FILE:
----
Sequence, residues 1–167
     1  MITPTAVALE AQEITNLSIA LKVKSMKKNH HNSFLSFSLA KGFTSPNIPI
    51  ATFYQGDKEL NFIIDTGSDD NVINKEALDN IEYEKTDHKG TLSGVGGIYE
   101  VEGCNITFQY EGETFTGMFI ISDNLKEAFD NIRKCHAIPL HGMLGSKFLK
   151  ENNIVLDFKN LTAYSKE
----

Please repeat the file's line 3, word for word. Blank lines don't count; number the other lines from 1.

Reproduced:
    51  ATFYQGDKEL NFIIDTGSDD NVINKEALDN IEYEKTDHKG TLSGVGGIYE